RE: There is No Altruism

From: Christopher Healey (
Date: Wed Mar 23 2005 - 15:12:49 MST


Holy language-traps, Batman!!!

When Ettinger talks about self-interest, does he draw a distinction between immediate self-interest and deferred self-interest? That is the territory in which altruism lives. If you subtley redefine it to mean ONLY complete and utter selflessness, you drive it from it's homeland into the places where ideal gases roam.

I'll go so far as to call this whole mess a false dichotomy. Self-interest and altruism are not two extremes along some continuum; altruism's inception lies in self-interest combined with facilities for long-term planning. And detecting and punishing cheaters, who would take advantage of such goodwill. Many others have done great justice on this topic, so I'm not going to spend any time propounding it. A great example of such an intertwined relationship between concepts, which appear to be in opposition but are not, is detailed in Matt Ridley's "Nature via Nurture", if you're interested.

Ettinger also uses the argument that if the processing in a mind consists of manipulating internal concepts, then all we're really doing is executing some internal value judgement to maximize our internal happiness. Maybe I'm missing something, but we are hardwired to the world around us. Some of those internal mental states reflect actual execution of our manipulations. Drawing a line in the sand, at the edges of ones "mind", seems an arbitrary distinction. It's all in play; might as well call it *all* internal, or at least all relevent (in this hubble volume at least).

I think that when we see cooperation based on such deferred self-interest, that *is* what most of use would call altruism. Our altruism does exist, but it exists in a finely tuned balance between our multiple independent drives. No wonder it's such a tough topic to make any headway on. It is those drives that implement our altruistic motivations, based on their evolutionary social utility in different circumstances.

-Chris Healey

-----Original Message-----
From: on behalf of David Massoglia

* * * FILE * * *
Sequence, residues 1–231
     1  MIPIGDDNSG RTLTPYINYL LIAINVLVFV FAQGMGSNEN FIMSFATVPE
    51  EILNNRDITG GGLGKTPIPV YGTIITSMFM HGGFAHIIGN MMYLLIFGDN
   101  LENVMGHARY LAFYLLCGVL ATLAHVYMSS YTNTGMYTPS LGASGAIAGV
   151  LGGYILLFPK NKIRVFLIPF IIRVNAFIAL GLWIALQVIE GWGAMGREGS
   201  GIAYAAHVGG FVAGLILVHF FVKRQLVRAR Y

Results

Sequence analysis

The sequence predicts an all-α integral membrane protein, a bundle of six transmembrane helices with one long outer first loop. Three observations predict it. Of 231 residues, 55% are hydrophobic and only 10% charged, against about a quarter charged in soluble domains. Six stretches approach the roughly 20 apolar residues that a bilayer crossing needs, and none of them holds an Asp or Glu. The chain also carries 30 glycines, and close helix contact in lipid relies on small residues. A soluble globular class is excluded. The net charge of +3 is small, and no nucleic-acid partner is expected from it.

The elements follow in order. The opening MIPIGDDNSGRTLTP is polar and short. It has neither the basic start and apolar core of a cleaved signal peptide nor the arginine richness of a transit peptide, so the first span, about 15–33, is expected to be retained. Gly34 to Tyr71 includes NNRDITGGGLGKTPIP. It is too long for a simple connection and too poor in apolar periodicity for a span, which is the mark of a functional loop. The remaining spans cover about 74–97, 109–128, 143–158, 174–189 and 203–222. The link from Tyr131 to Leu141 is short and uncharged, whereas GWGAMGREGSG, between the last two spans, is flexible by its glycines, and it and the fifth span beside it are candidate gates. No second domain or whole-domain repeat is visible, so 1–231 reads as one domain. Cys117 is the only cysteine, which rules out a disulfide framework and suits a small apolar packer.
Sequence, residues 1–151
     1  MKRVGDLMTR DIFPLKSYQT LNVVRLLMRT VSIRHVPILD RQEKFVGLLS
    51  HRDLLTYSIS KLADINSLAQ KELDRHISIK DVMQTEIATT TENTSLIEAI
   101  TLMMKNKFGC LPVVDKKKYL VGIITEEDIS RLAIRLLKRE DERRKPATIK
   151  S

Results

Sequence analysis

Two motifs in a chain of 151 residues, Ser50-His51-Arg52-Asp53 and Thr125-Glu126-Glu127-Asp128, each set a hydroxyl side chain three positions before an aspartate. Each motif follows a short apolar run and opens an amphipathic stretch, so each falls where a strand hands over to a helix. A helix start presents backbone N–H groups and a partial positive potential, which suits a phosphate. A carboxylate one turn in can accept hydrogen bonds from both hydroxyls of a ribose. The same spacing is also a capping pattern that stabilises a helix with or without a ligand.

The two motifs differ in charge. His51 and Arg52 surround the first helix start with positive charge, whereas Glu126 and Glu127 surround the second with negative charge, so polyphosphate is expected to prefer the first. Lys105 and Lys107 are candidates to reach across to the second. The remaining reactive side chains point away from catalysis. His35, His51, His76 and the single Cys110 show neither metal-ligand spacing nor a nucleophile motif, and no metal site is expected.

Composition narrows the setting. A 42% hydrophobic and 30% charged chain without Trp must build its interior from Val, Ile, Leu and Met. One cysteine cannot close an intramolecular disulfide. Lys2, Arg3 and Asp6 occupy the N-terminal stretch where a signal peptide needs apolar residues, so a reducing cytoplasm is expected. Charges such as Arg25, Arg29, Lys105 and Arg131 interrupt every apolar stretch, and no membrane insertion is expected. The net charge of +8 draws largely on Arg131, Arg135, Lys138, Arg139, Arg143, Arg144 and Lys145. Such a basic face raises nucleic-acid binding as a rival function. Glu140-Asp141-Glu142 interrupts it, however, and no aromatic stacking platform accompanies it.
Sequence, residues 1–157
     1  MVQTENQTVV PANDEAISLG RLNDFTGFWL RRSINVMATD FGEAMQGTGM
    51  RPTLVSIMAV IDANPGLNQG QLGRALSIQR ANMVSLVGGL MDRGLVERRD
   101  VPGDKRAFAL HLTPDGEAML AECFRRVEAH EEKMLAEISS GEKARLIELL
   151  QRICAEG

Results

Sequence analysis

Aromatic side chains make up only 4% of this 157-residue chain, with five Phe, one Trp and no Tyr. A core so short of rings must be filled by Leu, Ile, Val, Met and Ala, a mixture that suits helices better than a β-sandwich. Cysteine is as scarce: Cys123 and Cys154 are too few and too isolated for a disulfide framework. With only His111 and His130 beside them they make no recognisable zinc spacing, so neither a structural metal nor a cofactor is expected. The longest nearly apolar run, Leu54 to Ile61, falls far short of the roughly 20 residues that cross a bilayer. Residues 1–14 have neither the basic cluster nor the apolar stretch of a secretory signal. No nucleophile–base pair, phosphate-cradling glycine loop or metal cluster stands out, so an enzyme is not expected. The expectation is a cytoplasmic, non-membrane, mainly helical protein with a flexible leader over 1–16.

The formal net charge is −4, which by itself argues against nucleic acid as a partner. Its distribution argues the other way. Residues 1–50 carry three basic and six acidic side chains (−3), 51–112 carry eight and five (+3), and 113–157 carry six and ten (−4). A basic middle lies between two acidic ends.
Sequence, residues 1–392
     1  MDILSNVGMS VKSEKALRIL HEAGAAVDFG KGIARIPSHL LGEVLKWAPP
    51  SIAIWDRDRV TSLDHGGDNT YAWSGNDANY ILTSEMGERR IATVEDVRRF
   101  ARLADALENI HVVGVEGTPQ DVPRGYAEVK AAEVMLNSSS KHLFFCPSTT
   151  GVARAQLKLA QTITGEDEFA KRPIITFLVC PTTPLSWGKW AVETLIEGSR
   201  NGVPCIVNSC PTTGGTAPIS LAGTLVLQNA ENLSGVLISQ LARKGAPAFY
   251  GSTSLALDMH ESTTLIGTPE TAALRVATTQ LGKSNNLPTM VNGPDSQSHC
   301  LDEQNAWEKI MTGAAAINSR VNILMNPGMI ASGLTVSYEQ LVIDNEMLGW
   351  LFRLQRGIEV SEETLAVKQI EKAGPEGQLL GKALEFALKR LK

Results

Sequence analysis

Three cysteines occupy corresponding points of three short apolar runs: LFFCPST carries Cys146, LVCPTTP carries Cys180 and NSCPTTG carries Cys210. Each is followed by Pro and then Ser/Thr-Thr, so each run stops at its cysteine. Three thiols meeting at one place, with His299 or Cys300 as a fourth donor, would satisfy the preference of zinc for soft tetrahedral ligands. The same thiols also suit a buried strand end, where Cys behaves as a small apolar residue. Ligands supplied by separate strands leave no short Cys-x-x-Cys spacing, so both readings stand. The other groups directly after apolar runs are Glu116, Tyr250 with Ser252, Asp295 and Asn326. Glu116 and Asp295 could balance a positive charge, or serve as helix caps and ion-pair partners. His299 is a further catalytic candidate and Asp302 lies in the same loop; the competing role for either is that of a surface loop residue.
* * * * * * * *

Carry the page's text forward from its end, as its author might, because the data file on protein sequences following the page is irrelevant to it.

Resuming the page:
Sent: Wed 3/23/2005 2:26 PM
Subject: There is No Altruism

It has been interesting to see the chats concerning the self-proclaimed
altruism of Eleizer and the differing view proposed by Robert Ettinger
(originator of the Cryonics Organization in Michigan).

The purpose of this is to either debunk the self-proclaimed view of altruism
or find a view that altruism really exists. I am clearly leaning to the
view of Ettinger and that all claims of altruism relate to self-interest or
self-values. If true, the claims of altruism would be stated as personal

His view is basically that people are motivated by self-interest to feel
good. He calls this view "me-first, feel-good". He basically states that no
one does anything, ever, for altruistic purposes. The only sacrifice anyone
chooses, ever, is that of one value or facet of his psyche in favor of
another. Thus, your only motivation is to please yourself or avoid something
worse. His book, Youniverse, is on the cryonics organization web page. The
following is from page 89 of Youniverse relating to altruism as quoted:

"The main point is the primacy of self-interest cannot be denied, claims of
altruism are always language traps. To the extent the behavior is motivated
(rather than accidental or a hard-wired habit pattern), no one "ever" makes
a "sacrifice" for someone else or something else. The only sacrifice anyone
chooses, ever, is that of one value or one facet of his psyche in favor of
another, the momentarily dominate value or personality aspect. In other
words, your only motivation is to please yourself - the currently dominant
aspect of your psyche- or to avoid a worse alternative. There is no

In other words: it is not possible to sacrifice oneself for another person
or for a principle. It is only possible to set one value, or one presently
perceived good, above another. In the extreme case ( I assume he means
sacrificing your life for someone), you value your prospect of survival less
than your desire for virtue or guilt avoidance."

Thanks for any comments.

David Massoglia

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